7 Tips to make your schematic look professional
There are some things which you only find in professional schematics. Here are the most important.
Tip 1: Always create a cover page with project name and list of pagesWhy? This cover page is used by people who read your schematic. They will find it very useful. All professional schematics should include cover page with at least Project name and List of pages (including page numbers).
Note: I have seen it many times. An engineer opens schematic, he/she looks at the cover page, find the page number what he/she is looking for (e.g. Ethernet) and jumps there. I do it too. If you do not include cover page it may be very time consuming to go through every page and look for the particular thing. The cover page is also extremely useful if you print out schematic and you can not use any “Search” tool.
Picture: A cover page example
Tip 2: Add notes into your schematicWhy? When you are drawing a schematic, you study all documentation around particular pin or interface and if there is something important or useful, make a note, write it directly into your schematic. This way, you do not forget about it and you do not have to study hundreds of pages from documentation again – you know, that if there is something important, you have it in the schematic.
Note: You may want to make notes about things such:
- Optional resistor (why it is there and when to fit it)
- Difference from reference design (so you are aware of all your changes, useful when you will be debugging the board)
- Software notes (if your hardware changes affect software and you have to rewrite it or add special support)
- Configuration (describe different configurations and what they do, so you do not need to go into datasheet and look for this information)
- add notes from design guides about specific signal or component (why it is there and why it is connected that way)
- add a note about how to do layout or placement for the particular signal or component
- add test and debug comments (if you need to test something before it goes to mass production)
Tip 3: Always include a block diagram in your schematicWhy? Because this is extremely useful for people who read your schematic. Just looking at block diagram you can get pretty good idea what is the schematic about and what everything is there (what chips, what connectors and how they are connected together). This is one of the things which makes difference between an amateur and professional schematic. All professional schematics should have a block diagram page.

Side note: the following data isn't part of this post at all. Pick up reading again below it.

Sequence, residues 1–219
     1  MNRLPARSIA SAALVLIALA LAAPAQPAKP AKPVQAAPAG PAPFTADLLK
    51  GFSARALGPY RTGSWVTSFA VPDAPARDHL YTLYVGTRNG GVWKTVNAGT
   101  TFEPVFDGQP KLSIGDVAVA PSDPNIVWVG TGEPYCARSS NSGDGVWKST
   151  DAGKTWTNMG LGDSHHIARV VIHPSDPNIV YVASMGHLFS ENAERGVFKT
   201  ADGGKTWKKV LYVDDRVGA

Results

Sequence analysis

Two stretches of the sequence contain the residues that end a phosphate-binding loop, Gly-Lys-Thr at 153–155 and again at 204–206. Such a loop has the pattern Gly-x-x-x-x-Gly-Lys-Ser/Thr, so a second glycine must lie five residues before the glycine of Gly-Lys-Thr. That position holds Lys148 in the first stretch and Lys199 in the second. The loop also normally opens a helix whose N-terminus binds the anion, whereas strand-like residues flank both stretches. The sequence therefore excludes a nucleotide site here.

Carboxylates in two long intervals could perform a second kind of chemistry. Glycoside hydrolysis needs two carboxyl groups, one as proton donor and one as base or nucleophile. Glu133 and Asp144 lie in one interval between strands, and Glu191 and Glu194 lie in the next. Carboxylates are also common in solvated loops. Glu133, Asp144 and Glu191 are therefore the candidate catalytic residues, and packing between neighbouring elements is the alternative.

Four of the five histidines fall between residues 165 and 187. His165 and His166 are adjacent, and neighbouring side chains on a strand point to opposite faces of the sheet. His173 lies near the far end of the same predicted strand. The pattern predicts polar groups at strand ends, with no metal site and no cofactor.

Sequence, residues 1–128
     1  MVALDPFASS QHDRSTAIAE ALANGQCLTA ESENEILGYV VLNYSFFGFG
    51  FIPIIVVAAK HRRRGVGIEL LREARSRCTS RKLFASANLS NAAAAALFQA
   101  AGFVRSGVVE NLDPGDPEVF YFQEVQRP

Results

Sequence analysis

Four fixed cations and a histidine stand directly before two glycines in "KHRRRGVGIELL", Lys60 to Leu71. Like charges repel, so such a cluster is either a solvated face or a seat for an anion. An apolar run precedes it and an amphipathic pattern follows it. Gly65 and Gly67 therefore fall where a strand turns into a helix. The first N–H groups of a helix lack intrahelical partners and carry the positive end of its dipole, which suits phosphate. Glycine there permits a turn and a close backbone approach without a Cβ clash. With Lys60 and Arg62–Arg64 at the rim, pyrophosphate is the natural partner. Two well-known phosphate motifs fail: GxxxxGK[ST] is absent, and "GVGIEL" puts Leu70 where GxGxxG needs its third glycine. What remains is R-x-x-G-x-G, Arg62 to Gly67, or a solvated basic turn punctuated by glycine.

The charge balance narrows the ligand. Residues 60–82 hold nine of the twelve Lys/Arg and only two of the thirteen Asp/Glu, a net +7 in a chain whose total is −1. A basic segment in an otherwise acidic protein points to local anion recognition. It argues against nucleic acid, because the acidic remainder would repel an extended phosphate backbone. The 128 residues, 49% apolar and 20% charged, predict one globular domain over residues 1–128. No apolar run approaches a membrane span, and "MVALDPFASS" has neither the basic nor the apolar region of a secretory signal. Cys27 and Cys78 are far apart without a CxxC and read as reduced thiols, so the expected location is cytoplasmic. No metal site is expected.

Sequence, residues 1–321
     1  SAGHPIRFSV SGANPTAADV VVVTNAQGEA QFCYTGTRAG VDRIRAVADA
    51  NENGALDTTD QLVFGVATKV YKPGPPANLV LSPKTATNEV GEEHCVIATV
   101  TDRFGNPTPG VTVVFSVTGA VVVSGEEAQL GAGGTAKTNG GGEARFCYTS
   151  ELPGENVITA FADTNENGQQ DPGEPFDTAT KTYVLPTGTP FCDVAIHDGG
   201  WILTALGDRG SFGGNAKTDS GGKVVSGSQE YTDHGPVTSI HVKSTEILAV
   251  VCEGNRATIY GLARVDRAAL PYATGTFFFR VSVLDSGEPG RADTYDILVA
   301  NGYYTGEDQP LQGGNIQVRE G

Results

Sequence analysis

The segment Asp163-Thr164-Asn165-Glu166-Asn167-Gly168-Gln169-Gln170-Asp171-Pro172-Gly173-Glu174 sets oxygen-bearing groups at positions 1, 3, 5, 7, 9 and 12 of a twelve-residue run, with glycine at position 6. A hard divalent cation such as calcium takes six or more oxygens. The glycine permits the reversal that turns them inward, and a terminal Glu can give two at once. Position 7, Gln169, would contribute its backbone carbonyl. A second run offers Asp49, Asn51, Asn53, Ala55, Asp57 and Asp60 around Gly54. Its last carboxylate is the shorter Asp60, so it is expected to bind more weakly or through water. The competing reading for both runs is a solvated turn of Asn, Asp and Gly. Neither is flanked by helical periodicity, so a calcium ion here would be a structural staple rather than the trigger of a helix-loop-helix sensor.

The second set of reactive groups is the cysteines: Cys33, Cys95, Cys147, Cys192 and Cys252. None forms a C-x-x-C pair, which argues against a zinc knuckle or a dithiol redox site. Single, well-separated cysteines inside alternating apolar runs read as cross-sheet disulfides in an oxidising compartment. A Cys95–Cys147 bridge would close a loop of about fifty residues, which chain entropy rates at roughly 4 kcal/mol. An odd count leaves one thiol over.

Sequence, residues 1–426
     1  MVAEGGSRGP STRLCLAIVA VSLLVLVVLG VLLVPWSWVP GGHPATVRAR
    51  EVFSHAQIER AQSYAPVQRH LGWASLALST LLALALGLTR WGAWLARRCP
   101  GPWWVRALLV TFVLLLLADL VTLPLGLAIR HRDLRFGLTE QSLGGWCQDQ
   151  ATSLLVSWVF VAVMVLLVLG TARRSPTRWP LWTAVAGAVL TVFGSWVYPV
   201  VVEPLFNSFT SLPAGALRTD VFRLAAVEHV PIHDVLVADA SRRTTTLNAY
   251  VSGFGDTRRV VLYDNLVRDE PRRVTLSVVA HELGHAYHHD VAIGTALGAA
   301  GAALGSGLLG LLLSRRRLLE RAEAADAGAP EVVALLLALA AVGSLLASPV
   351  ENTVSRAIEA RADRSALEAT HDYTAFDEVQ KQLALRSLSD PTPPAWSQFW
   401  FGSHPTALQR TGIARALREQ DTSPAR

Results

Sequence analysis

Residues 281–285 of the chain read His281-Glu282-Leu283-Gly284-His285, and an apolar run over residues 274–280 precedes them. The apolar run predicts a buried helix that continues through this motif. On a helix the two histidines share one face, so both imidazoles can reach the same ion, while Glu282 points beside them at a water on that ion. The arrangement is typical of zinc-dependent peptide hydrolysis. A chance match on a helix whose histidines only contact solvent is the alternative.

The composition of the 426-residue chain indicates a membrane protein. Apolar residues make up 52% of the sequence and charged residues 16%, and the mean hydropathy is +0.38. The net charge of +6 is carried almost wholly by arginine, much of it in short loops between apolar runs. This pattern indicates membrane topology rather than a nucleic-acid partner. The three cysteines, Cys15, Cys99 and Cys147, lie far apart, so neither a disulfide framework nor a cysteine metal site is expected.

Note: I have seen many schematics without block diagram (many people have sent me their schematics) and if they do not include block diagram, very often it is really time consuming just to figure out what it does.
Picture: Block diagram can be simple, it doesn’t have to look fancy, but must be easy to understand
Tip 4: Put a big title on the top of each pageWhy? You immediately see what is on the particular page. The page title should be similar to page name and should include all the interfaces and peripherals what are on that particular page.
Note: If you do not include page title, you have to look at the peripherals, pins or nets, possibly you need to read the small text in your title block. Simply, just make it big and visible, so when you are listing through schematic, you immediately know what is on the particular page.
Picture: Example of a page with title on the top
Tip 5: Put a small title for each chip / block / connectorWhy? It’s so flustrating if you go through a schematic and you have to google for each chip to find out what it does. Simply, just put there a short description. You will help a lot of people and you will help also yourself, when after some time you will need to go back to your old projects. After a year even you will not remember what was the schematic about and if your boss ask you to do some changes, you will find all the descriptions and comments very useful.
Note: It’s very simple to do, it doesn’t take a lot of time and it improves your schematic a lot. Compare by yourself:
Picture: An example of schematic with no description, what do you think, what it does?
Picture: An example of the same schematic page, but with title and descriptions. Can you see the difference?
Tip 6: Always include Revision History schematic pageWhy? Especially if your schematic is used by other engineers (for example if they use it as a reference schematic to design their own boards), it is important to include this page, so they immediately see what changes you have done between the revisions. Without history page, they would need to go through both schematics (theirs and yours), page by page, pin by pin and check what everything you have changed and to see if they need to update something.
Note: This is something, what even I was lazy to do and sometimes it may not be very pleasant (because in some changes you will need to point out mistakes or errors), but it is a very important page. Just find time to fill it up, we are professionals.
Picture: An example of Revision history page
Tip 7: Add more non-schematic pagesWhy? Sometimes your schematic needs more explanation. For example, you really may want to add a page with power sequencing or block diagram of power distribution. This will help you a lot during schematic design, schematic checking, debugging and it will also help other people to understand how the board works.
Picture: Example of power sequencing page